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The British Racing Drivers Club has issued a statement dismissing suggestions that Silverstone will definitely drop its Formula 1 race following the 2019 season.

Doubt was cast over the future of the British Grand Prix at Silverstone following a leaked letter from BRDC chairman John Grant, in which he admitted to concerns about the cost of hosting the race.

Grant admitted that BRDC officials were considering triggering a clause in Silverstone’s F1 contract that would allow it to end its commitment after 2019 due to “ruinous” costs.

In a statement issued on Friday, the BRDC stressed that no final decision had been made and that suggestions a final decision to drop the race had already been made were incorrect.

“The British Racing Drivers Club wishes to make clear that recent press reports suggesting that talks have been unsuccessful and that the British Grand Prix will definitely be dropped after 2019 are speculative and wrong,” the statement reads.

“Our objective is to preserve the British Grand Prix at Silverstone for many years to come but, of course, we can only do this if it makes economic sense,” Grant added.

“As I have said before, we will be considering over the next six months if we should give notice of our intention to exercise the break clause in our grand prix contract at the end of 2019. No decision has been made, or will be made, until mid-July.

“In the meantime, we will be using this period to explore all interested parties, hopefully in private, various ways in which we might work out a more sustainable proposition.”

Jacques Villeneuve: Indy 500 ‘the biggest, most important race in the world’

INDIANAPOLIS, IN - MAY 25: Jacques Villeneuve of Canada driver of the #5 Schmidt Peterson Motorsports Dallara Honda during the 98th running of the Indianapolis 500 mile race at the Indianapolis Motor Speedway on May 25, 2014 in Indianapolis, Indiana.  (Photo by Robert Laberge/Getty Images)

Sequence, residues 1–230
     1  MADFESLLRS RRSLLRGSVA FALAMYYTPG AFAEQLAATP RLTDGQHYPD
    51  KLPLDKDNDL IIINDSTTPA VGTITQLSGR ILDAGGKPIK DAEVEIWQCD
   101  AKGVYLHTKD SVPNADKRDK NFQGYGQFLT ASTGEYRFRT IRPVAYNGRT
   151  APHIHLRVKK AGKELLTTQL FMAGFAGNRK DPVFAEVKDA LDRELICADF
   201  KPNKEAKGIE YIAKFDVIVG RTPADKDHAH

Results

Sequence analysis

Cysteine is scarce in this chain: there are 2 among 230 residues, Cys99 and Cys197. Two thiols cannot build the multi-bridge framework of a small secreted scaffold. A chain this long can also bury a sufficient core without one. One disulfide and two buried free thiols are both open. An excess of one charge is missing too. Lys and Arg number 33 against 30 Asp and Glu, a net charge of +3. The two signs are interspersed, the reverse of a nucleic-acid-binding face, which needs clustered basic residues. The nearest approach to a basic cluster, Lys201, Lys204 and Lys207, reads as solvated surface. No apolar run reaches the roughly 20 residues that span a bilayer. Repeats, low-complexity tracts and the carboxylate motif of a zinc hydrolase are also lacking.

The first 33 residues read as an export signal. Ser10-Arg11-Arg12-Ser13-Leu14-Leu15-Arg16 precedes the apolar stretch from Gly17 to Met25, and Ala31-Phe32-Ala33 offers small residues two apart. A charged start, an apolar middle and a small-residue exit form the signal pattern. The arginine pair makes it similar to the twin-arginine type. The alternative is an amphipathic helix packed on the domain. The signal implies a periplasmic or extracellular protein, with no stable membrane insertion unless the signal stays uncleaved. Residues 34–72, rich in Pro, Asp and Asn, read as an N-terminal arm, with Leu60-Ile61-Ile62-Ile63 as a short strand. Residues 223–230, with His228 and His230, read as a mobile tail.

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1995 CART champion Jacques Villeneuve has called the Indianapolis 500 “the biggest, most important race in the world”, believing that its long-running traditions are key to its enduring appeal.

Villeneuve won the Indy 500 in 1995 en route to the CART title, having finished second at the Brickyard the previous year.

Villeneuve moved into Formula 1 following his CART title victory, becoming world champion with Williams in 1997 before ultimately leaving the series mid-way through the 2006 season.

Villeneuve appeared in his third ‘500 in 2014, finishing 14th for Schmidt Peterson Motorsports (pictured above).

Speaking at Autosport International last week, Villeneuve spoke warmly of his experiences at the ‘500, saying it dwarfed any other race in motorsport.

“[You’re] running at an average speed of 230 mph in traffic, in a place where you’re still allowed to risk your life basically because it’s marginally safer than 20 years ago, and half a million people in the grandstands,” Villeneuve said.

“Back then it was an event that lasted three weeks. You would build on it so the energy was incredible. It felt like a big gladiatorial ring from the Roman Empire. It was very special.

“It is the biggest, most important race in the world. Obviously an F1 championship is bigger, but as a one single event, it’s the biggest one.”

Villeneuve said that he did not appreciate the enormity of the event until he finally raced at the ‘500, having followed F1 more closely as a child by virtue of his father, Gilles, who raced for Ferrari.

“The Indy 500, I didn’t grow up with it. I grew up with Formula 1, so I didn’t really know what it represented,” Villeneuve said

“I didn’t think about it until I raced in Atlantics and I thought ‘oh wow, there’s half a million people here, that’s cool’.

“I still didn’t really understand why there was one toilet where they didn’t put the door because one year there was a driver who didn’t close his door and they decided to keep it like that for the next 40 years.

“There’s lots of stuff in America that’s very important, the history of why things have happened. Why do you drink milk when you’ve won the Indy 500? It’s because – I don’t know which driver – in the past was thirsty and asked for a jug of milk. They gave it to him and it became tradition.

“All these little things keep it alive. To get a race where people come almost daily for three weeks, that takes a lot of passion. But when you’re in it, OK it’s just a race and there’s lots of people, great, but it’s a stepping stone to F1.

“When you’re out of it, you realize first of all I survived it, and then you’ve won it. And then you realize that it’s still present and alive.

“And then you realize that that win was 22 years ago, and then you understand the meaning of what you accomplished.”